Published April 20, 2012 on Injury Lawyer News
A distributor of Zoloft has been removed from a California lawsuit that alleges the drug caused Zoloft birth defects in her son. The Court of the Central District of California ruled that plaintiffs Lisa and Jacob Gray did not provide sufficient evidence to prove that the drug distribution company McKesson failed to warn patients about the side effects of Zoloft. The decision could impact future Zoloft lawsuits, as plaintiffs may have to reconsider naming drug distributors in these types of claims.
Child’s Zoloft birth defects could have been prevented if company’s had properly warned, lawsuit says
In the lawsuit, Lisa Gray claims that she was treated with the popular SSRI antidepressant Zoloft while she was pregnant with her son, Jacob. Jacob was born with a condition called coarctation of the aorta, a condition in which blood flow is restricted to the heart. He had to undergo surgery when he was born, and also at two years old, in order to treat the problem. Gray alleges that Pfizer (the company that manufactures Zoloft) and affiliated companies that participate in sales, marketing and distribution of Zoloft knowingly hid information relating to the severity of Zoloft side effects.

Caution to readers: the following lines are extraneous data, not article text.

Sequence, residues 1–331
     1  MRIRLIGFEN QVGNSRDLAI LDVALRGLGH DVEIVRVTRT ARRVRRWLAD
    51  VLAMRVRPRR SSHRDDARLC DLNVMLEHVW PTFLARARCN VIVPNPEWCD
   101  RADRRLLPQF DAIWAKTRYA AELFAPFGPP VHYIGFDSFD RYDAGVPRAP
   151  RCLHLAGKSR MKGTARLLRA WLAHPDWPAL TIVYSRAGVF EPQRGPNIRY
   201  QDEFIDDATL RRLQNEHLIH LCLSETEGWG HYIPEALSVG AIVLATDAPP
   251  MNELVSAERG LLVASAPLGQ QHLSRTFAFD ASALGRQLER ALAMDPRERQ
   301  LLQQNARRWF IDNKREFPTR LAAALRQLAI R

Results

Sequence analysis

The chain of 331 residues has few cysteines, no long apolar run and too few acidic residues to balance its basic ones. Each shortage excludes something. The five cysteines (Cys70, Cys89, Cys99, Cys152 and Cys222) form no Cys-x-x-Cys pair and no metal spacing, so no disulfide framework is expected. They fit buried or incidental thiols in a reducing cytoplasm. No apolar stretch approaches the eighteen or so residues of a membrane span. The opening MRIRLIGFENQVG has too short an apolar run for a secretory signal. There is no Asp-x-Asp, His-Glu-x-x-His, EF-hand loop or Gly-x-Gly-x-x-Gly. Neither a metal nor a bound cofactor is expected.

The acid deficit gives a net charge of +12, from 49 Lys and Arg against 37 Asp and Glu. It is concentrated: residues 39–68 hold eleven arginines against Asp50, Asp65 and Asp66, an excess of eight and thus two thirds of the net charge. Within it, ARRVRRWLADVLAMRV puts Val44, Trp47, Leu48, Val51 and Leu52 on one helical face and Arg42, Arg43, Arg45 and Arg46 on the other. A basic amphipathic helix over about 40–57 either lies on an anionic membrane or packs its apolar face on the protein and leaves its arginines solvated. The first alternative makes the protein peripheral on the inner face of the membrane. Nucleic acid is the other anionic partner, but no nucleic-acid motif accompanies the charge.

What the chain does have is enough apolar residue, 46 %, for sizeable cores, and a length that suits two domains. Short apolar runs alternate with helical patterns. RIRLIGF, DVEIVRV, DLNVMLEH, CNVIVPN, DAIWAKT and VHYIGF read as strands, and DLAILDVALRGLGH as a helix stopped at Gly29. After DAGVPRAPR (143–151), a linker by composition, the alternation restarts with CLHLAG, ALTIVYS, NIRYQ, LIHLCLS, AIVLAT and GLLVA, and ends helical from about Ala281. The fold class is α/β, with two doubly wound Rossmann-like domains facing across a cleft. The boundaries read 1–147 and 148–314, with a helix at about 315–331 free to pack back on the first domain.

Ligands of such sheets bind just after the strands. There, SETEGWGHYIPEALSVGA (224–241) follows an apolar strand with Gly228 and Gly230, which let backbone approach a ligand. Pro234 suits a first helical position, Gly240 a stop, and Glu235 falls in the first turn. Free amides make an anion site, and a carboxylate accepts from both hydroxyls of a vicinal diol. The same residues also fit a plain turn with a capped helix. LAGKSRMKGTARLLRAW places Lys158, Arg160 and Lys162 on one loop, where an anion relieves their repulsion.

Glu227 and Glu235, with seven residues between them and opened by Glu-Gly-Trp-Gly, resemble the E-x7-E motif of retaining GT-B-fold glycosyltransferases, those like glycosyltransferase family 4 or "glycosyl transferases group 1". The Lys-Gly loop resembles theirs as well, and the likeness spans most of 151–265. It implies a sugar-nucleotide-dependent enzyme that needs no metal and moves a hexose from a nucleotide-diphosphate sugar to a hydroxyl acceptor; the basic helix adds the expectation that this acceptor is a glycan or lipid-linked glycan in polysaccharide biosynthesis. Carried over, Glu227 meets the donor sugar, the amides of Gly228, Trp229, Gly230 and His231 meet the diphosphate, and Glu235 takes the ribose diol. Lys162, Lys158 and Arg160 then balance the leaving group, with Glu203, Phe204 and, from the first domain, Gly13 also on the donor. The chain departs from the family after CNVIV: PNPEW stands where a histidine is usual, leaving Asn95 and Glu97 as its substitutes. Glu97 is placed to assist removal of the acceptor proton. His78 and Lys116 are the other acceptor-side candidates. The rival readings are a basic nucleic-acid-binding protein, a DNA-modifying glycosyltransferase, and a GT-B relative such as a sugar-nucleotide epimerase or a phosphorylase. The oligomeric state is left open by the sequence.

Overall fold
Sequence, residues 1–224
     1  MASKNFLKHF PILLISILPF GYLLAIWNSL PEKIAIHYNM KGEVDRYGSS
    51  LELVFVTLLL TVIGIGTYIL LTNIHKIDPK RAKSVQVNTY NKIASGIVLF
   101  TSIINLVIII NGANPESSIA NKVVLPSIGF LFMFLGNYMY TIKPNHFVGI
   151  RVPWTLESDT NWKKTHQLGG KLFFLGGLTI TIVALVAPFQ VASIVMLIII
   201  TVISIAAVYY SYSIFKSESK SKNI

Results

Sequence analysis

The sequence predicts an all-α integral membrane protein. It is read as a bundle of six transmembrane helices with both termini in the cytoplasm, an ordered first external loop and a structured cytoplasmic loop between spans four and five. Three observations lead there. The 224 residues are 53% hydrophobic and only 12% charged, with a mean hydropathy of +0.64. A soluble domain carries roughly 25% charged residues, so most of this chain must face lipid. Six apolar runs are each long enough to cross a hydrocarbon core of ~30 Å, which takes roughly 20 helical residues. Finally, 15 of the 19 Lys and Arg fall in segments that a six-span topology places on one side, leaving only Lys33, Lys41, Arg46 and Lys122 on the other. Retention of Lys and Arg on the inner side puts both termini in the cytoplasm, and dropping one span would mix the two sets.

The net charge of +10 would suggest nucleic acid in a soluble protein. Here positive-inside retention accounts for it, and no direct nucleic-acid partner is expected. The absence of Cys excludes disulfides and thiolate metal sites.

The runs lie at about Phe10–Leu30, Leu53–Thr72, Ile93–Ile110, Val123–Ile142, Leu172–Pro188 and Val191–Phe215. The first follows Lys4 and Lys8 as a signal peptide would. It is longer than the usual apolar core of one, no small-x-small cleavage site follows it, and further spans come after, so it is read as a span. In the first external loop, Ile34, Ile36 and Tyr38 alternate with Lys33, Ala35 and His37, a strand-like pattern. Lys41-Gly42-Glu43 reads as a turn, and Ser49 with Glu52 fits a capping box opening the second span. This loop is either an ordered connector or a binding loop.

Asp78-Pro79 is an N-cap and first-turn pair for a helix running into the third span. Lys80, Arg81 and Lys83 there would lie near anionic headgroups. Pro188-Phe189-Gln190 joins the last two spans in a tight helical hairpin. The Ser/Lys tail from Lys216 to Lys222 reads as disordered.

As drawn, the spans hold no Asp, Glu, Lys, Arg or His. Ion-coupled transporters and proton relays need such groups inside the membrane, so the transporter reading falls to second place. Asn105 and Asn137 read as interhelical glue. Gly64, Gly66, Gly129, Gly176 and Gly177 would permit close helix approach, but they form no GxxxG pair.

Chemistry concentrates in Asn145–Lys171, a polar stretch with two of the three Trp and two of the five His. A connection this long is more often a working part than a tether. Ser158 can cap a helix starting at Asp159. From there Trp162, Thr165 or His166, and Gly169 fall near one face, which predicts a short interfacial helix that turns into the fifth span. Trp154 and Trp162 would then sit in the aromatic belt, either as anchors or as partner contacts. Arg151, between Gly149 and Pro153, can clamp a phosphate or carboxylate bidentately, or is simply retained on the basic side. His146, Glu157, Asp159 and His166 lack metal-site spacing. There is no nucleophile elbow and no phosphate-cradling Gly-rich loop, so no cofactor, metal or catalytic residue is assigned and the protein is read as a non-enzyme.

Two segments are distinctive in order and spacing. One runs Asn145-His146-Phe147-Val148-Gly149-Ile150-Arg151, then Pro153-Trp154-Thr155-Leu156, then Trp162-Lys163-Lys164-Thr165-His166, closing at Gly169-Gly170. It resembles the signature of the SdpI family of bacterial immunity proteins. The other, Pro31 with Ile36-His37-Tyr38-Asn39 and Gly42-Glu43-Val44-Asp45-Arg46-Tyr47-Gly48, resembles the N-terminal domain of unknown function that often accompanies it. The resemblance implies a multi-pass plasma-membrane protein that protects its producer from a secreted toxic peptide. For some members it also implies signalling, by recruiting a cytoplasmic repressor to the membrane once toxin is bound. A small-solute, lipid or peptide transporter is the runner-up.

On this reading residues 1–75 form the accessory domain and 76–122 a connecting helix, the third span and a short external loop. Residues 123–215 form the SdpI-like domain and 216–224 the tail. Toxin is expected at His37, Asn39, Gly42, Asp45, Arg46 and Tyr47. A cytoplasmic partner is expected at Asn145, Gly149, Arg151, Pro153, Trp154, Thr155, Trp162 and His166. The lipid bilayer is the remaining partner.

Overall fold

Research shows the side effects of Zoloft can be serious
In the last few years, many studies have been released indicating Zoloft may adversely affect people’s hearts. A 2007 British Medical Journal study showed that the likelihood of a child being born with heart defects was twice as much in women who took Zoloft while pregnant, than women who did not take the SSRI. A 2008 Duke University study of heart disease patients suggested that Zoloft may also adversely affect adults’ hearts.
There have been a number of Zoloft lawsuits filed recently relating to heart defects and other Zoloft health complications. The removal of McKesson from Gray’s lawsuit produces yet another hurdle for Zoloft lawyers seeking justice for their injured clients.